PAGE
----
' ... the mind is a power to be developed rather than a receptacle to be filled is a sound maxim in education' (Calkin, 1910, pp. 18).
‘I don’t teach, I let them learn’ Caleb Gattegno
July 1996: A Flashback
The Fugees are number one, ruling the charts with ‘Killing me softly’. Petrol is 52 pence a litre ($1.23 a gallon), and TVs are the size (and depth) of a small table. The square cube iMac G3 is the tech, along with floppy discs and CDs.
I found myself in a lively classroom full of students. A buzz of learning occurs, curious conversations occur, and I am learning. I think it is a maths or geography classroom, but to be perfectly frank, the subject doesn't matter. For once, I am enjoying learning, caught up in the work, and genuinely intrigued. All of a sudden, I am stuck and ask the teacher for help.
And as the words leave my mouth, the answer is about to arrive in my mind. The answer to my stuckness arrives on the top of my tongue; it crystallises in my mind. The teacher is no longer needed.
But it is too late.
Before I get there, the teacher tells me the answer! If the teacher can only hang on for another few seconds, use their teaching powers to know that the intervention has been done by mere listening. I was not given enough time to think. The teacher did the thinking.
They jumped in without waiting.
Like a search engine that has no back button.
That crucial pause, the wait time, was missing.
Although this might seem trivial to some, this scene still plays out in countless classrooms.
The Unintended Pitfall of Being Over-helpful
It was a classic case of teacher desire
The answer is complex.
The teacher's haste, though well-intentioned, wasn’t a deliberate choice. Yet to remedy has to be done with intention.
'Learners have natural powers with which they make sense of the world in general. These are a valuable resource to be developed by the teacher...' (Mason and Johnston-Wilder, 2002, pp.124)
The teacher wanted to formulate my answer, and I (the student) was not given agency. The teacher became so excited to answer my question that they forgot that they were there to help students learn, not to teach. It was a classic case of teacher desire, or as Mary Boole puts it, 'teacher lust' (Tahta, 1972).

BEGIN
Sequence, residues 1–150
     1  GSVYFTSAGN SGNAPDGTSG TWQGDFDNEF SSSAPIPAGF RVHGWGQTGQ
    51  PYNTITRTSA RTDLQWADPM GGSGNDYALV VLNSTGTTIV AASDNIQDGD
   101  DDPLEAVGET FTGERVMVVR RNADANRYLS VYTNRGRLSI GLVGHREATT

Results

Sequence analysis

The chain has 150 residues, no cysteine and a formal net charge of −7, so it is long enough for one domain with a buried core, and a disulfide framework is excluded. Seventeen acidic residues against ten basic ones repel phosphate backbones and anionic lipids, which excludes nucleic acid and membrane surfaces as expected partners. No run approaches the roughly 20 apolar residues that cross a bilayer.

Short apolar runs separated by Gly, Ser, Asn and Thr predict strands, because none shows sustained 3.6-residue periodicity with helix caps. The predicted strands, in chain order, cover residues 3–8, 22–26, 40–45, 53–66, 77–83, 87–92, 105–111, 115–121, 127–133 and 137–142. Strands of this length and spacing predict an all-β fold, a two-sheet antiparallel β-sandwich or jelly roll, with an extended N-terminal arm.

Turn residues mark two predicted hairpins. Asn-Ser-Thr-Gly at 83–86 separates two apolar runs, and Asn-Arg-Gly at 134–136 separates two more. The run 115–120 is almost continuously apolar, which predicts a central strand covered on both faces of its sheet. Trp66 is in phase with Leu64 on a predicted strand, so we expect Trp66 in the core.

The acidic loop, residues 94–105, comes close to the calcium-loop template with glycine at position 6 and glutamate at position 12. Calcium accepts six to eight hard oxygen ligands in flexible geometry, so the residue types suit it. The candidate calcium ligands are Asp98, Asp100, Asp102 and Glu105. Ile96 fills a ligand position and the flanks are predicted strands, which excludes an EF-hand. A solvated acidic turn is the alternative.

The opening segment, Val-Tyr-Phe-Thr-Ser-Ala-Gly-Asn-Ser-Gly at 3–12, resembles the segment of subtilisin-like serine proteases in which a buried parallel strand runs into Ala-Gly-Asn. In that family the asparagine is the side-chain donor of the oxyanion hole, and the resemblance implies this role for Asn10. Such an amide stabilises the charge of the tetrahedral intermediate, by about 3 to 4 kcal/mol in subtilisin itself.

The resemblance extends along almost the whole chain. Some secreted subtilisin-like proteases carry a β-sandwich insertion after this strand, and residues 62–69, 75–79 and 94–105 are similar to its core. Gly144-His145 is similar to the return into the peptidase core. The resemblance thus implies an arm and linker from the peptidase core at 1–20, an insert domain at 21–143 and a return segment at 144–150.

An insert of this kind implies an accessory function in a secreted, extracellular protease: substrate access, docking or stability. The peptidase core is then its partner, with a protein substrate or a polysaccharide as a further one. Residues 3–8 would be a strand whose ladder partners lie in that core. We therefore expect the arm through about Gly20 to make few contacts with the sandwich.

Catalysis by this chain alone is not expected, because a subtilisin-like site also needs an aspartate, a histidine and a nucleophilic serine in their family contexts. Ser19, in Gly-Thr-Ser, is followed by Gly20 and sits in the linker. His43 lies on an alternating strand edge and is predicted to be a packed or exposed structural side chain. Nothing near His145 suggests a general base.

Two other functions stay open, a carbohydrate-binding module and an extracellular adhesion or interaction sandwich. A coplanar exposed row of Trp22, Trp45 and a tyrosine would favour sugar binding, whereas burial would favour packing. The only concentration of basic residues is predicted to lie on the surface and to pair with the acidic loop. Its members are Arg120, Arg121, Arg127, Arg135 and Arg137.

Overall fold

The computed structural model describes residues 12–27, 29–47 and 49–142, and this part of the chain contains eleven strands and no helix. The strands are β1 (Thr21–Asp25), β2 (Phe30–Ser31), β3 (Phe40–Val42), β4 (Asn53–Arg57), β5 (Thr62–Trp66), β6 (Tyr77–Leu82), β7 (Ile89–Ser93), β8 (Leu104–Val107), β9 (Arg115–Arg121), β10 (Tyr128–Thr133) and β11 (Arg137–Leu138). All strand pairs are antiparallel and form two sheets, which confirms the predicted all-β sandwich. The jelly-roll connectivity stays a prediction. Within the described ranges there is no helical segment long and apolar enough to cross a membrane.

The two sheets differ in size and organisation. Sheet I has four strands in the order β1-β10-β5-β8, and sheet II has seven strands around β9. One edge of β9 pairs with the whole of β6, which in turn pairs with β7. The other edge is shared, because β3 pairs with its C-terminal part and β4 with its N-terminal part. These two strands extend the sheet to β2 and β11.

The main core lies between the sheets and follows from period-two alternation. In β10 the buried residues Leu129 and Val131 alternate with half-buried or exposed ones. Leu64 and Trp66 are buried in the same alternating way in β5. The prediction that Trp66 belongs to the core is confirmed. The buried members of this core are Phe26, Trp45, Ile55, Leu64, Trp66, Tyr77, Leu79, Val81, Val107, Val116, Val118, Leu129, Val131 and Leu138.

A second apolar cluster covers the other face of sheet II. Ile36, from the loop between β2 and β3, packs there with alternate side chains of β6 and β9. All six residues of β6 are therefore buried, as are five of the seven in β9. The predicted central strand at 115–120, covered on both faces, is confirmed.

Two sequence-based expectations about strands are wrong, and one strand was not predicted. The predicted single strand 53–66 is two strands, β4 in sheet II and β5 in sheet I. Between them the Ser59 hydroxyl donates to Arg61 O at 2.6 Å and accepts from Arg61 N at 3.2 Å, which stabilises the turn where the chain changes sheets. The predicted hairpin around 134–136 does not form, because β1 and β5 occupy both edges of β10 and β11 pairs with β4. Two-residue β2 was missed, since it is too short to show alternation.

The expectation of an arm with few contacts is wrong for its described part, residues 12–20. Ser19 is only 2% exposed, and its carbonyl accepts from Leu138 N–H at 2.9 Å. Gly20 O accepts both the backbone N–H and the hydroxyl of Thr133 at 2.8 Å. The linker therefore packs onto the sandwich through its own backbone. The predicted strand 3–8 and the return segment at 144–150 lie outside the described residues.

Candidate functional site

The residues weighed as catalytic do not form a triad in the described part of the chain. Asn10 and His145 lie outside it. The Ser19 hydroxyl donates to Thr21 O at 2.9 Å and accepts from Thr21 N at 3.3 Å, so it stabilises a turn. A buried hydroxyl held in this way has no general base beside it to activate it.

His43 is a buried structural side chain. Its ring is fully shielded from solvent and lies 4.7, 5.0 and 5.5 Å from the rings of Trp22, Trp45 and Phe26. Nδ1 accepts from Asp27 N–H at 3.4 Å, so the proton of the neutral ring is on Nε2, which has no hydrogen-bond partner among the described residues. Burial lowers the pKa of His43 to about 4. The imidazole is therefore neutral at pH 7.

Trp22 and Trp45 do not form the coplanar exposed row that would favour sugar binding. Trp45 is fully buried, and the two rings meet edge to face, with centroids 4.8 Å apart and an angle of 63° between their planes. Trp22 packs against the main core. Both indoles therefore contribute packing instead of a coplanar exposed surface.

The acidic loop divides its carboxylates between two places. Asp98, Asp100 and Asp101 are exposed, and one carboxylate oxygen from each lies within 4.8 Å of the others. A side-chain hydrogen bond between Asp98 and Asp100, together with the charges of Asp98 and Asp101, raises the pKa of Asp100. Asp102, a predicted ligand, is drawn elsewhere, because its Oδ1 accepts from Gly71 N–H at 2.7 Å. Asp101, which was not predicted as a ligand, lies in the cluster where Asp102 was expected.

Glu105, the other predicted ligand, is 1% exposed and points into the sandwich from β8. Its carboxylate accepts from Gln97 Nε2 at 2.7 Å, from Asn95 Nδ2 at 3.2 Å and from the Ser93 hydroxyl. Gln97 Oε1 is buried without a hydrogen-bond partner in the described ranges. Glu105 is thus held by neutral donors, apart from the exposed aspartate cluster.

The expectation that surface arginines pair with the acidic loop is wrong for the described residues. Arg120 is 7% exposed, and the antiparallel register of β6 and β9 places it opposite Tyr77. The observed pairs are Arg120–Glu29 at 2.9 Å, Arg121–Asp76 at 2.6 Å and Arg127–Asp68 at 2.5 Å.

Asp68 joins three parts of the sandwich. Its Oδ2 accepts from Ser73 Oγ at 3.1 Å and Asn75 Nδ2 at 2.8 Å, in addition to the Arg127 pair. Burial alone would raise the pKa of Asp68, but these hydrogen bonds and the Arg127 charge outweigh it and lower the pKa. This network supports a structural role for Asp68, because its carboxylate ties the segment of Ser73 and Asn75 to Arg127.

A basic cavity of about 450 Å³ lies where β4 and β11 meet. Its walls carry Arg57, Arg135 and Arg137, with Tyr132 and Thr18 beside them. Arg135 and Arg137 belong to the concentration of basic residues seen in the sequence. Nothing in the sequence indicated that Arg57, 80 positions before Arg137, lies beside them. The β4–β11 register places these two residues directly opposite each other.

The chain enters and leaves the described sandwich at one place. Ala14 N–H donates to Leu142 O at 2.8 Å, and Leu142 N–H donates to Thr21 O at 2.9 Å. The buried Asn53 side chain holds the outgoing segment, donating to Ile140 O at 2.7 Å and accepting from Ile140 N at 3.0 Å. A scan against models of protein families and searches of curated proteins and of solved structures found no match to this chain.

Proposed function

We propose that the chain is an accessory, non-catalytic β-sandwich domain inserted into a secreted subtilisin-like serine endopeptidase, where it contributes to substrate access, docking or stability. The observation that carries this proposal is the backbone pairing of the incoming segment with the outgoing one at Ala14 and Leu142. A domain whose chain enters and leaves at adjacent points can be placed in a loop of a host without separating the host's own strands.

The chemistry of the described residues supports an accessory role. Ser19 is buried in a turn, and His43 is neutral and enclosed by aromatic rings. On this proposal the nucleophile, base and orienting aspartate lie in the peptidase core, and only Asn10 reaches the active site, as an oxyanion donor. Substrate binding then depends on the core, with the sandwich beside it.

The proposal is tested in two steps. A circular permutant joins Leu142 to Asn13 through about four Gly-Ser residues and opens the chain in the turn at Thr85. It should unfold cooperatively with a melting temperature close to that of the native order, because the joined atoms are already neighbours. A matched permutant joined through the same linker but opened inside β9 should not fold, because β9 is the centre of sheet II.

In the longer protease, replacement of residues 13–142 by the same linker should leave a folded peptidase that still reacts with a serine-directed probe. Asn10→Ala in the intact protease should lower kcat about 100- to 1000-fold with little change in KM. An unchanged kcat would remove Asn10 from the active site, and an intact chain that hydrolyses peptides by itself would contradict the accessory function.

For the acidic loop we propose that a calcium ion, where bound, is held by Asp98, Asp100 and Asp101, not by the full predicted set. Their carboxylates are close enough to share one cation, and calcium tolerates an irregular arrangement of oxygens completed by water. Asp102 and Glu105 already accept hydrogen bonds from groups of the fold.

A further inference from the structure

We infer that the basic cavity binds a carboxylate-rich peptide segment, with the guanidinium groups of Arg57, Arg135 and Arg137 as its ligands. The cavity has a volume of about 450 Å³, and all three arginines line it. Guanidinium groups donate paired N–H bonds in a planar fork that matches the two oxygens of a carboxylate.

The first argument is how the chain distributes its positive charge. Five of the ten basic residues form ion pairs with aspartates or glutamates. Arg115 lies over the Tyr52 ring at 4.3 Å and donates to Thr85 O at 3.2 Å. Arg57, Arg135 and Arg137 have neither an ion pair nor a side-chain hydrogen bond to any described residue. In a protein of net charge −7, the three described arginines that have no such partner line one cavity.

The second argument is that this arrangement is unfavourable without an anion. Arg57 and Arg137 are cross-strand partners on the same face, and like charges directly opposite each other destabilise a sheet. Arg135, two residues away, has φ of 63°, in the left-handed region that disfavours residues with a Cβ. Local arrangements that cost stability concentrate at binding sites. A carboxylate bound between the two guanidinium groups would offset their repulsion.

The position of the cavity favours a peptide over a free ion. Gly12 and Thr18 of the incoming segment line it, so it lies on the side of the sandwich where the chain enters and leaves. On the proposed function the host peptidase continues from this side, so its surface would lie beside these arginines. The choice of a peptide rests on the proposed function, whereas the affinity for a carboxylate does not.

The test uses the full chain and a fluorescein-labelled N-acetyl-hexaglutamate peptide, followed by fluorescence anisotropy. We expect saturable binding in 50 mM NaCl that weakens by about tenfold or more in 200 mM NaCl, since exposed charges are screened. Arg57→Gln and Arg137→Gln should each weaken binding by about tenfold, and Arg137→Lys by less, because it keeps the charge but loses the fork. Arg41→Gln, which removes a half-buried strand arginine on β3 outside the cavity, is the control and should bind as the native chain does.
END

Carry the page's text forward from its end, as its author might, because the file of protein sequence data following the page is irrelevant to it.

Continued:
What is the teacher's role?
It is common to think teaching is about transferring knowledge, but it doesn't have to be. Instead, it could be transforming knowledge. The best teacher is the one who teaches reluctantly. The best teacher does not teach for themselves but rather has the student in mind.
Reimagining the Scene of 1996
'Help with what?, she says inquiringly, yet soft-spoken, waits for me to finish my question and then waits a little more to check if I processed the information. It’s as if she is counting to 10 in her head (later, when I learn how to teach, I find out that this is what she is doing!). This time, after a brief contemplative silence, it’s me who proudly exclaims, "Oh wait, I know the answer!"
- Significance of Wait Time: Giving students adequate time to process information and find answers independently can lead to deeper understanding and more meaningful learning experiences.
- The Reluctant Teacher: The best educators often teach reluctantly, focusing on student learning rather than showcasing their knowledge.
- Natural Powers of Students: Every student possesses innate abilities and understanding. Trusting in these powers can revolutionize the learning process.
Has something like this happened to you, perhaps as a student or in your role as a teacher? Share your story with us. Comment below or email@example.com
Fact Check Resources
Calkin, J. (1910) Notes on Education: A Practical Work on Method and School Management, Mackinlay, Halifax.
Mason, J. and Johnston-Wilder, S. (2004) Fundamental Constructs in Mathematics Education, London, Routledge Falmer.
Gattegno, C. (1974) The Common Sense of Teaching Mathematics, Educational Solutions, New York.
Tahta, D. (1972) A Boolean Anthology: Selected Writings of Mary Boole on Mathematics Education, Association of Teachers of Mathematics, Derby.
Tahta, D. and Brookes, W. (1966) The genesis of mathematical activity In Brookes,W. (ed.), The Development of Mathematical Activity in Children: The Place of the Problem in this Development, ATM, Nelson, pp. 3-8.